Let's Get one thing straight: Mashed eats, sweats and bleeds fun. It has fun-flakes for breakfast and injects laughjuice straight into its comically throbbing veins. It's pretty much assured to produce fits of laughter in those who play it, and absolutely drips that one-more-go' factor that every game secretly aspires to. Indeed, it's one of the most purely playable arcade-style racers to come along in years.
Now, you might be thinking these statements don't exactly gel with the score in the opposite corner, and you'd be right. There are good reasons for this - or rather, one prevailing reason -but we'll get to that shortly. For starters, let's see what's so damn funny in the first place.
To put it simply, Mashed is Micro Machines gone nasty. There's the same isometric perspective, the same teeny cars and the same over-the-top track design. It's all at normal scale, so you won't find any races set on billiard tables or bathroom tiles, but the principle is the same. The difference is that it's about 20 times more intense, thanks to a clutch of evil weapons and a ruthless elimination system.
Here's how it works. You've got between two and four cars on the track, and the camera zooms in and out to keep you all visible - but only to a point. Fall behind the leader too much and you get an exclamation point flashing over your head, which means you have about two seconds to catch up or you explode.
Once the second-last car is eliminated, the winner is awarded some points and the race begins anew, picking up wherever the previous race finished.
Further spice is added to the mix with the addition of the so-called Air-Strike system, which enables dead players to exact vengeance by launching guided missiles at the remaining contenders. It's not easy to get a lock, but the beauty is that even your hovenng crosshairs can be enough to break a player's nerve and send him sailing over a cliff.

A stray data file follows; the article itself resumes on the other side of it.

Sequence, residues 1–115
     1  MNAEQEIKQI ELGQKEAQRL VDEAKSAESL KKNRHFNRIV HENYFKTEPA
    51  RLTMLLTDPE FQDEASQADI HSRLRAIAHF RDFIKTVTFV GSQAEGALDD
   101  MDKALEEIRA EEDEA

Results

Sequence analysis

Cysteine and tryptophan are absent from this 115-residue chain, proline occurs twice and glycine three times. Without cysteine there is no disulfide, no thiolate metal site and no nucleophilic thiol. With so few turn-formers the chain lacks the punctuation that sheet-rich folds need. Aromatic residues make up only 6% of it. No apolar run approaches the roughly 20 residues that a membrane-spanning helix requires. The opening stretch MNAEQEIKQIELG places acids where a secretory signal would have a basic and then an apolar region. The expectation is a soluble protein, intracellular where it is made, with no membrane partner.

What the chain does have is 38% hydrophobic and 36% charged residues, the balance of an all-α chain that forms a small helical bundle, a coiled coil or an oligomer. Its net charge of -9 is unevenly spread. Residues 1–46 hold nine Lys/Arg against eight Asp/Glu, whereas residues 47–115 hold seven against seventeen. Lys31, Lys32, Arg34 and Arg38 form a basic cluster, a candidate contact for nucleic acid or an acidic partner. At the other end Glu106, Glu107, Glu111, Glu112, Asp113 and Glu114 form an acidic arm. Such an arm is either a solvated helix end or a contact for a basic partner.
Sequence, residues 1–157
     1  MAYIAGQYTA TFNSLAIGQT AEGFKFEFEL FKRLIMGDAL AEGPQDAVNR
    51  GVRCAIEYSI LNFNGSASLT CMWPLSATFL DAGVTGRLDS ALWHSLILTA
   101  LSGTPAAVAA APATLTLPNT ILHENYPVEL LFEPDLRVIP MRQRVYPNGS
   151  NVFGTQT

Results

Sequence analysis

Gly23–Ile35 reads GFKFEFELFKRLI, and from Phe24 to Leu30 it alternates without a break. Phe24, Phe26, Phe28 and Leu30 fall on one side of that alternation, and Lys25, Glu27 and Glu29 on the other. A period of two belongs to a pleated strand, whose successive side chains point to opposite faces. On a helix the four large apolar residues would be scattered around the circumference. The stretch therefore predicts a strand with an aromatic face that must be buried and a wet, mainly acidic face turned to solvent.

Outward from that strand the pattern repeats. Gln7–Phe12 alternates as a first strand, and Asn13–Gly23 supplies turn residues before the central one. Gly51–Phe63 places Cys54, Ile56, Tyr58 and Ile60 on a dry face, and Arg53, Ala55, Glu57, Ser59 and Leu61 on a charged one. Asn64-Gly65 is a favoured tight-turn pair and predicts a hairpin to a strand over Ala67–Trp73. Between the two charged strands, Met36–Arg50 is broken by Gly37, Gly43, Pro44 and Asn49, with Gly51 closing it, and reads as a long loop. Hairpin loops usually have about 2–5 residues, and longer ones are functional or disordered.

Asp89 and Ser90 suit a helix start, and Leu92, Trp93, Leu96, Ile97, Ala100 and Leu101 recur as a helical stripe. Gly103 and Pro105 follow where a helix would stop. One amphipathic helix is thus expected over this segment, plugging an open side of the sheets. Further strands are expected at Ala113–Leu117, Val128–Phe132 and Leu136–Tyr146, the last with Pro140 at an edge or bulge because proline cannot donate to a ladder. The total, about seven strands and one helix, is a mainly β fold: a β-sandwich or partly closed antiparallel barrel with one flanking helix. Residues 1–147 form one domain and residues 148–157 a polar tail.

As you can see, Mashed is about as simple as a game can get. The reason it's so much fun is because it's a perfectly catalyst for pettiness, sprte and malice as you gleefully crash, smash and bomb your way to victory. (That, and the fact that each round only lasts around 20 or 30 seconds, meaning you never have a chance to become linely frustrated.)
It also helps that the 13 tracks are well designed and varied, with plenty of well-implemented Dick Dastardly-style power-ups. These include oil slicks, flamethrowers, mines and barrel tombs - the only real dud being ridiculous blinding flare that hampers the person who fired it as much as everyone else.
Inevitably, there are some niggles, foremost being the wildly zooming and tilting camera. It usually does a good job of keeping up with the racers, but all too often it leaves you driving blind, which is especially felt - and especially unjust - when you're way out Kent.
A Single Problem
The game is also stupidly unforgiving at times, with a missed turbo-start or slight brush against a wall effectively putting you out of contention. This is particularly irking given the game's light and breezy arcade stylings.
Saying that, most of these complaints are fleeting - the pace of the game is such that you rarely have time to linger on any perceived injustice, and all things considered, Mashed is pretty much, well... Great.
Hang on a sec though - surely it can't be that simple. There must be something we've overlooked... Something, something... Ah, of course: it's a console game! It's designed to be played on a couch in front of a TV, and what's more, it's extremely boring in single-player mode. Even with two players Mashed is pretty dull. In fact, the game only truly comes into its own when you have a group of three or four rowdy, vindictive mates shoving, shouting abuse and crying in despair when you nudge them off the track. And like it or not, that's never going to happen on a PC. (And before you ask, no, there's no online or LAN-play.) Like Micro Machines and countless other games before it, this is Mashed's ultimate downfall. We've included a handy cut-out-and-burn guide to getting a Mashed session up and running at home (see Why Consoles Were Invented', above), but think you'll find there's only one conclusion: this game has no business on the PC. Which is a shame, as otherwise it's an enjoyable, cut-throat little racer.
- PC compatible
- Operating systems: Windows 10/Windows 8/Windows 7/2000/Vista/WinXP